According to our standard laboratory protocol [21], we used multicellular spheroids of human choriocarcinoma BeWo cells with endometrial Ishikawa cells as an in vitro model of attachment. BeWo cells were detached with 0.25% trypsin (Gibco) after reaching 80% confluence. The BeWo cell suspensions were then placed in 35 mm2 dishes coated with an anti-adhesive polymer, poly-2-hydroxyethyl methacrylate (polyHEMA, Sigma), to induce the formation of BeWo spheroids that were 150–200 μm in diameter after 48 h of culture. Simultaneously, the confluent monolayer Ishikawa cells grown to 50% confluency in 24-well plates were infected with Ad-ATF3-His and Ad-LacZ (at a multiplicity of infection (MOI) of 0 or 40) for 48 h or were transfected with si-ATF3 and si-CTL (0, 50, 100 nM) for 48 h. A functional blocking antibody against LIF was also used in the attachment assay as the adenovirus-treated cells were cultured in the presence of a mouse monoclonal antibody against LIF (L0669, Sigma) or the mouse preimmune IgG antibody (Abcam, Cambridge, MA, USA) at a concentration of 0.5 μg/mL for 1 h (Additional file 2: Figure S1) before the transfer of the BeWo spheroids onto the surface of a confluent monolayer of Ishikawa cells. After incubation at 37 °C for 2 h, any unattached spheroids were removed by washing the cells with PBS containing Ca2+ (0.1 mg/L) and Mg2+ (0.1 mg/L). Then, attached spheroids were counted under a light microscope, and the attachment rate was expressed as the percentage of the total number of spheroids added to the Ishikawa monolayer. All of the attachment assays were performed in triplicate.

Statistical analysis

Unless stated otherwise, the numerical data are presented as the mean ± SD of at least three independent experiments. Student’s t-test was used to test for differences between two groups. ANOVA with Bonferroni correction was employed for multiple comparisons. Pearson correlation analysis was used to assess the relationship between ATF3 and LIF. Differences were considered significant at p < 0.05.

Results

ATF3 is expressed in the human endometrium

Secretory phase endometria from normal cycling women who had not been treated with hormones in the last three months were used to examine ATF3 expression in the human endometrium. As shown in Fig. 1A, we observed specific staining for the ATF3 protein in the human endometrium, both in the epithelial cells and stromal cells, compared with that of the negative control. Endogenous ATF3 was mainly localized in the nucleus in Ishikawa cells (Fig. 1B-a) as well as human endometrial stromal cells (Fig. 1B-b), as observed with immunofluorescence staining. ATF3 expression was greater in the secretive phase (n = 10) than in the proliferative phase of the endometria (n = 10) (*p < 0.05, Fig. 1C, Additional file 1: Table S2).
Fig. 1

Expression of ATF3 in human endometrium. (A) Immunohistochemical analysis with the ATF3 antibody. Secretory endometrial tissue samples from fertile women are shown at 200× (left panel) and 400× (right panel) magnification. The negative control (NC) is nonspecific rabbit serum. Brown staining represents positive staining (arrows). Scale bars, 100 μm (left panel) and 50 μm (right panel). (B) Immunofluorescence images of endogenous ATF3 and F-actin in Ishikawa cells (a) and human endometrial stromal cells (b). Scale bars, 25 μm. (C) ATF3 protein expression in secretory phase (n = 10) and proliferative phase endometria (n = 10). *p < 0.05 vs. the control group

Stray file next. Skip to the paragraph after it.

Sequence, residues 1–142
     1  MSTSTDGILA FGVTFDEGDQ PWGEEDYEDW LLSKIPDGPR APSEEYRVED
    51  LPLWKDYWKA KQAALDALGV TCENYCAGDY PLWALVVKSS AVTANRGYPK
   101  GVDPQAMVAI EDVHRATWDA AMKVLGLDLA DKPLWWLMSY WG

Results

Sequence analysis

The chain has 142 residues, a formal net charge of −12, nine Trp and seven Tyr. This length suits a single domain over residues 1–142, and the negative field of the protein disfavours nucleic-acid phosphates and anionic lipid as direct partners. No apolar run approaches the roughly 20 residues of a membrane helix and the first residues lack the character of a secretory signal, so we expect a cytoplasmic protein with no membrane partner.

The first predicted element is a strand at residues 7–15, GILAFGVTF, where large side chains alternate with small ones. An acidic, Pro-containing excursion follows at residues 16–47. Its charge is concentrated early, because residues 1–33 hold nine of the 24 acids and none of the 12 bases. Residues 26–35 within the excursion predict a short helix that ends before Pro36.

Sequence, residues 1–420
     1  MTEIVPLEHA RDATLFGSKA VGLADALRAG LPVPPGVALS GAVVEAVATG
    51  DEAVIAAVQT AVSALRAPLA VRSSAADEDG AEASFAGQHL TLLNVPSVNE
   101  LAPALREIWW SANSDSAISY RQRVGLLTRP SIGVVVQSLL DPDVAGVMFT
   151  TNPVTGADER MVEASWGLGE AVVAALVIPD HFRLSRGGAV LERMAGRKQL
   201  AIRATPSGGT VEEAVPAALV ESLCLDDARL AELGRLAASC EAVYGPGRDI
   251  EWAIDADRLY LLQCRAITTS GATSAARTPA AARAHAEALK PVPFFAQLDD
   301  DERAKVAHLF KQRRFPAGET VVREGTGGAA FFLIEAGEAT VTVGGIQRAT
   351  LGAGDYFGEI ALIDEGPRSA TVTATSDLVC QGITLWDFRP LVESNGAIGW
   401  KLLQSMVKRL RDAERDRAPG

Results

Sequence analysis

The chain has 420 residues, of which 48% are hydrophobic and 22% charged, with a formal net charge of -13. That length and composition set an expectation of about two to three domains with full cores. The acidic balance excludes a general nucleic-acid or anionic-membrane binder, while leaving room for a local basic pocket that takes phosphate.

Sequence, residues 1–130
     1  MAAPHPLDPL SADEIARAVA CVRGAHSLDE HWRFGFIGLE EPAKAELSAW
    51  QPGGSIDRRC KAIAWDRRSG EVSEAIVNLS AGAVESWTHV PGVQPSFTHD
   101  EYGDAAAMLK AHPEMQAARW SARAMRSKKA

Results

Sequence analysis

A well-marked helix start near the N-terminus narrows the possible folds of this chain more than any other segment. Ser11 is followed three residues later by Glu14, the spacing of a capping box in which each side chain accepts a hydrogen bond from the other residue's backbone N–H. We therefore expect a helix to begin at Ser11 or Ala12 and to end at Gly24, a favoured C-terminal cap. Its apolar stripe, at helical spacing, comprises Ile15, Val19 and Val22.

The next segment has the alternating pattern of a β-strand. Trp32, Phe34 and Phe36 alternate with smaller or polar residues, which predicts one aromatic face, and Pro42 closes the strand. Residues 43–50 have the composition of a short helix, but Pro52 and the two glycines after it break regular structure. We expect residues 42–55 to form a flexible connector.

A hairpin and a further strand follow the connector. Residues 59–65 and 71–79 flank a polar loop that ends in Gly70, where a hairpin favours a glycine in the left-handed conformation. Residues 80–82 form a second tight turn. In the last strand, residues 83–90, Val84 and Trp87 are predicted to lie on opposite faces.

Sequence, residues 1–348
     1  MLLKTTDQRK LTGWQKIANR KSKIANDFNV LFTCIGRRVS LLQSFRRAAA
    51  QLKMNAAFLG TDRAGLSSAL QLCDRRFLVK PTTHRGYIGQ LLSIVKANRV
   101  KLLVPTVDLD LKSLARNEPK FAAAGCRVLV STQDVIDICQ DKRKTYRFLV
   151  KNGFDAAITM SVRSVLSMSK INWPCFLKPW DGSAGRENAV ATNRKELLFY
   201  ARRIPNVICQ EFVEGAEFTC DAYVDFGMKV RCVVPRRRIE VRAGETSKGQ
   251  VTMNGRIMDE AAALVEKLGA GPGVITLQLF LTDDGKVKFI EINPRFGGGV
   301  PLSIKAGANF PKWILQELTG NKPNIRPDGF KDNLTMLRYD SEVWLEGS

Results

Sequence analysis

ATF3 is up-regulated by E2 and MPA in Ishikawa cells

ATF3 mRNA expression was enhanced five-fold after 2 h by either E2 or MPA in a time-dependent manner in Ishikawa cells (Fig. 2a). When stimulated with both E2 and MPA, the ATF3 mRNA level in Ishikawa cells had increased 7-fold at 0.5 h and over 10-fold at 2 h (Fig. 2a). ATF3 protein expression began to increase from 1 h and reached a maximum (approximately 5-fold) increase at 6 h (*p < 0.05, Fig. 2b). ATF3 protein expression decreased following exposure to pretreatment with ICI182780 and mifepristone (Fig. 2c). We also determined that ATF3 mRNA level was declined with pre-treatment of ICI182780 and mifepristone were performed before sex hormones were perfomed (Additional file 2: Figure S2).  Immunofluorescence staining demonstrated that ATF3 accumulated predominantly in the nucleus upon E2 and MPA treatment (Fig. 2d).
Fig. 2

Up-regulation of ATF3 in Ishikawa cells upon treatment with E2 and MPA. Ishikawa cells were treated with E2, MPA, or both E2 and MPA for the indicated time periods. ATF3 mRNA levels (a) were measured by real-time PCR. ATF3 protein expression (b) was determined by Western blot and was quantitated by densitometric analysis. *p < 0.05; **p < 0.01; ***p < 0.001 compared with untreated controls. c Pretreatment of ICI182780 and mifepristone was performed before sex hormones were analyzed. ATF3 protein expression was determined by Western blot. d Immunofluorescence images demonstrated endogenous ATF3 expression and F-actin demonstration in Ishikawa cells treated with E2 and MPA for 6 h. Scale bars, 25 μm

ATF3 facilitates embryo attachment in vitro

As shown in Fig. 3a, overexpression of ATF3 in Ishikawa cells increased the ratio of BeWo spheroid adhesion by 1.6-fold compared with that of the Ad-LacZ group (25.6 ± 4.19% vs. 42.3 ± 2.33%, **p < 0.01). In contrast, siRNA-mediated knockdown of endogenous ATF3 protein expression in Ishikawa cells reversed the facilitating effect of E2 and MPA on BeWo spheroid attachment: 48.5 ± 15.78% (si-CTL) vs. 29.2 ± 4.31% (si-ATF3) (*p < 0.05, Fig. 3b). These data suggest that ATF3 contributes to embryo attachment in vitro.
Fig. 3

ATF3 facilitates embryo attachment in vitro. a Ishikawa cells were transduced with Ad-LacZ and Ad-ATF3-His at 0 or 40 MOI for 48 h. b Ishikawa cells were exposed to E2 and MPA for 24 h after 48 h transfection with 0 or 100 nM si-CTL or si-ATF3. Adhesion experiments were performed to assess BeWo spheroid attachment to the Ishikawa cell monolayer. The data represent the results of 3 independent experiments. ANOVA was used to compare the percentage of the attached spheroids in each treatment with that of the control. **p < 0.01 vs. the Ad-LacZ group. *p < 0.05 vs. the si-CTL group